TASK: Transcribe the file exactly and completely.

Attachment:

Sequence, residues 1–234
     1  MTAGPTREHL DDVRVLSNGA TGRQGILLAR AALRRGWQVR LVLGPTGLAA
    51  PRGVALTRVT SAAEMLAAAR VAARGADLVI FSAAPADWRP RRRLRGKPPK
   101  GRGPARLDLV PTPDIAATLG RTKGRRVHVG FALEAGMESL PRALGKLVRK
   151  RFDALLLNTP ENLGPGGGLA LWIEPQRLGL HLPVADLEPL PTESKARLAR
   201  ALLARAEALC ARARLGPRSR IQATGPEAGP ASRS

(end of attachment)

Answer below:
Sequence, residues 1–234
     1  MTAGPTREHL DDVRVLSNGA TGRQGILLAR AALRRGWQVR LVLGPTGLAA
    51  PRGVALTRVT SAAEMLAAAR VAARGADLVI FSAAPADWRP RRRLRGKPPK
   101  GRGPARLDLV PTPDIAATLG RTKGRRVHVG FALEAGMESL PRALGKLVRK
   151  RFDALLLNTP ENLGPGGGLA LWIEPQRLGL HLPVADLEPL PTESKARLAR
   201  ALLARAEALC ARARLGPRSR IQATGPEAGP ASRS